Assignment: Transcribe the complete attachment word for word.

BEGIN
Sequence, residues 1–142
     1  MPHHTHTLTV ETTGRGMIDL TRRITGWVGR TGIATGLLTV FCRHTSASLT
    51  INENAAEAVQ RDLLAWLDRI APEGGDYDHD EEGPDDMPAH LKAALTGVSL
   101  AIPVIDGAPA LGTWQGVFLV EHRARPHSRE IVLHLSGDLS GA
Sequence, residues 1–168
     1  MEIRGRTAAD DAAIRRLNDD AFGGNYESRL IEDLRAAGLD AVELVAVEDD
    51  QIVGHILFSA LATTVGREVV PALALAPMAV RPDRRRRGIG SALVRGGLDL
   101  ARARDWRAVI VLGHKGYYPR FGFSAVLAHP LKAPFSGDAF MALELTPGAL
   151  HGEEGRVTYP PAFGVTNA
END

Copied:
Sequence, residues 1–142
     1  MPHHTHTLTV ETTGRGMIDL TRRITGWVGR TGIATGLLTV FCRHTSASLT
    51  INENAAEAVQ RDLLAWLDRI APEGGDYDHD EEGPDDMPAH LKAALTGVSL
   101  AIPVIDGAPA LGTWQGVFLV EHRARPHSRE IVLHLSGDLS GA
Sequence, residues 1–168
     1  MEIRGRTAAD DAAIRRLNDD AFGGNYESRL IEDLRAAGLD AVELVAVEDD
    51  QIVGHILFSA LATTVGREVV PALALAPMAV RPDRRRRGIG SALVRGGLDL
   101  ARARDWRAVI VLGHKGYYPR FGFSAVLAHP LKAPFSGDAF MALELTPGAL
   151  HGEEGRVTYP PAFGVTNA